2575c402
JW
151Therefore Encode is recommended for the general purposes; see also
152L<Encode>.
094ce63c 153
2575c402 154=item * $success = utf8::decode($string)
1b026014 155
2575c402 156Attempts to convert in-place the octet sequence in I<UTF-X> to the
836ccc8e
DM
157corresponding character sequence. That is, it replaces each sequence of
158characters in the string whose ords represent a valid UTF-X byte
159sequence, with the corresponding single character. The UTF-8 flag is
160turned on only if the source string contains multiple-byte I<UTF-X>
161characters. If I<$string> is invalid as I<UTF-X>, returns false;
162otherwise returns true.
163
291cc134
KW
164 my $a = "\xc4\x80"; # $a contains two characters, with ords
165 # 0xc4 and 0x80
836ccc8e 166 utf8::decode($a); # $a contains one character, with ord 0x100
78ea37eb
ST
167
168B<Note that this function does not handle arbitrary encodings.>
2575c402
JW
169Therefore Encode is recommended for the general purposes; see also
170L<Encode>.
78ea37eb 171
8800c35a
JH
172=item * $flag = utf8::is_utf8(STRING)
173
637ec54e
KW
174(Since Perl 5.8.1) Test whether STRING is marked internally as encoded in
175UTF-8. Functionally the same as Encode::is_utf8().
8800c35a 176
70122e76
JH
177=item * $flag = utf8::valid(STRING)
178
8800c35a 179[INTERNAL] Test whether STRING is in a consistent state regarding
9a54da5c
KW
180UTF-8. Will return true if it is well-formed UTF-8 and has the UTF-8 flag
181on B<or> if STRING is held as bytes (both these states are 'consistent').
637ec54e 182Main reason for this routine is to allow Perl's test suite to check
8800c35a
JH
183that operations have left strings in a consistent state. You most
184probably want to use utf8::is_utf8() instead.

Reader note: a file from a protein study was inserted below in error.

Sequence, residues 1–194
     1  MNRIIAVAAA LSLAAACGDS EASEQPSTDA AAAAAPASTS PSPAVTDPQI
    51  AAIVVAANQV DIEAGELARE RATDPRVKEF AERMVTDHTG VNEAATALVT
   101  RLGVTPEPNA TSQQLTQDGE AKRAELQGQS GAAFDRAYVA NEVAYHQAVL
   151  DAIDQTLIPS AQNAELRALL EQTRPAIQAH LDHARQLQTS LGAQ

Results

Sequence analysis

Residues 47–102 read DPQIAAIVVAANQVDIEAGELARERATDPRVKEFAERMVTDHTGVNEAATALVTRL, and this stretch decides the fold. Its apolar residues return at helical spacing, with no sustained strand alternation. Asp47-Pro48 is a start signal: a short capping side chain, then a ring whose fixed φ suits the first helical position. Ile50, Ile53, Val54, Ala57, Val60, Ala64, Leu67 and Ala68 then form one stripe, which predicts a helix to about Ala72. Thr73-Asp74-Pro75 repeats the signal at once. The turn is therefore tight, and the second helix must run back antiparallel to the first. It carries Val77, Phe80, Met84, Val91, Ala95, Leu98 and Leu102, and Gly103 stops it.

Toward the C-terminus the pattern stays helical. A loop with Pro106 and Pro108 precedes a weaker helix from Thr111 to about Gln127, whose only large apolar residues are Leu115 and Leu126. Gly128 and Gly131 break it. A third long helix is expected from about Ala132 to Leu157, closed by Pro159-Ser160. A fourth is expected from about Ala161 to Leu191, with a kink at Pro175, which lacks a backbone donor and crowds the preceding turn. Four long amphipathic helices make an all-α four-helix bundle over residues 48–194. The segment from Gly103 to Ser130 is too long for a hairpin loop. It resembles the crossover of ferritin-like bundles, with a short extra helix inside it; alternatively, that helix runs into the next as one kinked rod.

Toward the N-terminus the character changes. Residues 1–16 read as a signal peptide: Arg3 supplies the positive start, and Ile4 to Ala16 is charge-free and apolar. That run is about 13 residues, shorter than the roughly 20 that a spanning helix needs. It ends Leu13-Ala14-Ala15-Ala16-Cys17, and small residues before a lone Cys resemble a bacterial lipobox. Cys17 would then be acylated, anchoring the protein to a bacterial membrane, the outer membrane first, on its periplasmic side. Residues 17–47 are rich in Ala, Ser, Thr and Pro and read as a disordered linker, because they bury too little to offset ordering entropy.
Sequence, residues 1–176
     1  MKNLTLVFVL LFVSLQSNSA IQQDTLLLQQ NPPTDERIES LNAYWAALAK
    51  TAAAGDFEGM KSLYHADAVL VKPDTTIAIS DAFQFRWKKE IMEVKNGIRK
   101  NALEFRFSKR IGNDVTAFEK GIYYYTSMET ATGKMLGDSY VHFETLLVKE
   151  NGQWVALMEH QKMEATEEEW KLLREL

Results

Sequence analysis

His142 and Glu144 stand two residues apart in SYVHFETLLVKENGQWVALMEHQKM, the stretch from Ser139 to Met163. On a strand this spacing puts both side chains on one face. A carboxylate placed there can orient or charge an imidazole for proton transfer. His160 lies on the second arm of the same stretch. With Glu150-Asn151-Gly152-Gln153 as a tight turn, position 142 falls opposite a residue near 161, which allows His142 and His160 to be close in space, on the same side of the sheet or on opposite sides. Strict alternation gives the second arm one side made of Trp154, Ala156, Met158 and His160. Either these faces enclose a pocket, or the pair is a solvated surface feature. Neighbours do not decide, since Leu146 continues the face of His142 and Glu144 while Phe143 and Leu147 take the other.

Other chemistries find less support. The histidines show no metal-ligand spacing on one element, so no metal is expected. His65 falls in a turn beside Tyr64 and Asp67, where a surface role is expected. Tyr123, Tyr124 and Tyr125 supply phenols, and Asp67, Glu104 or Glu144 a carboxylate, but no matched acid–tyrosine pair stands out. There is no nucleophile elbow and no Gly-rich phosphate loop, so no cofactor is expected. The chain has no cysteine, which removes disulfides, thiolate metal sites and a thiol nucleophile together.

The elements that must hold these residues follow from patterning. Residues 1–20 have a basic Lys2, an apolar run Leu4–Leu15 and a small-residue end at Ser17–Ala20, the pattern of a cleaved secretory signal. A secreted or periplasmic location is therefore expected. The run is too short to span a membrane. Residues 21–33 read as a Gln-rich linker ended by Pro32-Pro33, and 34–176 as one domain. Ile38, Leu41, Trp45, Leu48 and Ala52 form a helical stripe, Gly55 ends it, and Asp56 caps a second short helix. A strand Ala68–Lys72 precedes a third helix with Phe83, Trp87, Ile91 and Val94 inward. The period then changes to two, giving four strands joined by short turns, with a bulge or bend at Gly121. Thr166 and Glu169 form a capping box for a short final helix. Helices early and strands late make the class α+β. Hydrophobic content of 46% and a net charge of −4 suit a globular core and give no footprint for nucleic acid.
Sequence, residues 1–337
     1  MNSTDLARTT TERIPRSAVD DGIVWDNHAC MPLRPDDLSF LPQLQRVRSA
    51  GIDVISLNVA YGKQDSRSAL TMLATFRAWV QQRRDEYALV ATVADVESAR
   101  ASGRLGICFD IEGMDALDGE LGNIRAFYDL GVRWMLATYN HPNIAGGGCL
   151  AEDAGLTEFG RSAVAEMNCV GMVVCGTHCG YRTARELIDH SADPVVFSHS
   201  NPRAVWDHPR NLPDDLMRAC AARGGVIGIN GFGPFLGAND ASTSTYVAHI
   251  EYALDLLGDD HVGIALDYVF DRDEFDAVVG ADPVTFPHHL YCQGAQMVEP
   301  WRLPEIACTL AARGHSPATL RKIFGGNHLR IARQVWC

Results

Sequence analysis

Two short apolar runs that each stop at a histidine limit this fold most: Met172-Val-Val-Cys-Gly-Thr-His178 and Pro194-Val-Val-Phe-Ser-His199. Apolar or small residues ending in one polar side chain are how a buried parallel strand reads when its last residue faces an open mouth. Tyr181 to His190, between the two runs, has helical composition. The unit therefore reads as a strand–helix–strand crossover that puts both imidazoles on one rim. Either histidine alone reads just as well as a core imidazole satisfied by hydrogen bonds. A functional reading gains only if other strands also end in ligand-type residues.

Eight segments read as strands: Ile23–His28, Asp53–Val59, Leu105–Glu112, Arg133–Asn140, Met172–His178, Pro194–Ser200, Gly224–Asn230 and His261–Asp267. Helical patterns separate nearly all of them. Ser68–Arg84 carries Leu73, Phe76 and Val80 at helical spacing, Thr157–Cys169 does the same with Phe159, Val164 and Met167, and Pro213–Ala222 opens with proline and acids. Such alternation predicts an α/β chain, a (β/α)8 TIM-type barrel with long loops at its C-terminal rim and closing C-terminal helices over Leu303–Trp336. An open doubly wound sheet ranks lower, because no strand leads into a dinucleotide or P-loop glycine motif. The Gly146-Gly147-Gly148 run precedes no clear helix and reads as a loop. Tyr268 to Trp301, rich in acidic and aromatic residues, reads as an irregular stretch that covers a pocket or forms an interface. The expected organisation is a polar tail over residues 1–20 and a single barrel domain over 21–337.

70122e76 185
1b026014
NIS
186=back
187
7d865a91
JH
188C<utf8::encode> is like C<utf8::upgrade>, but the UTF8 flag is
189cleared. See L<perlunicode> for more on the UTF8 flag and the C API
190functions C<sv_utf8_upgrade>, C<sv_utf8_downgrade>, C<sv_utf8_encode>,
094ce63c
AT
191and C<sv_utf8_decode>, which are wrapped by the Perl functions
192C<utf8::upgrade>, C<utf8::downgrade>, C<utf8::encode> and
7edb8f2b
RGS
193C<utf8::decode>. Also, the functions utf8::is_utf8, utf8::valid,
194utf8::encode, utf8::decode, utf8::upgrade, and utf8::downgrade are
195actually internal, and thus always available, without a C<require utf8>
196statement.
f1e62f77 197
8f8cf39c
JH
198=head1 BUGS
199
200One can have Unicode in identifier names, but not in package/class or
201subroutine names. While some limited functionality towards this does
202exist as of Perl 5.8.0, that is more accidental than designed; use of
203Unicode for the said purposes is unsupported.
204
205One reason of this unfinishedness is its (currently) inherent
206unportability: since both package names and subroutine names may need
207to be mapped to file and directory names, the Unicode capability of
208the filesystem becomes important-- and there unfortunately aren't
209portable answers.
210
393fec97 211=head1 SEE ALSO
a0ed51b3 212
2575c402 213L<perlunitut>, L<perluniintro>, L<perlrun>, L<bytes>, L<perlunicode>
a0ed51b3
LW
214
215=cut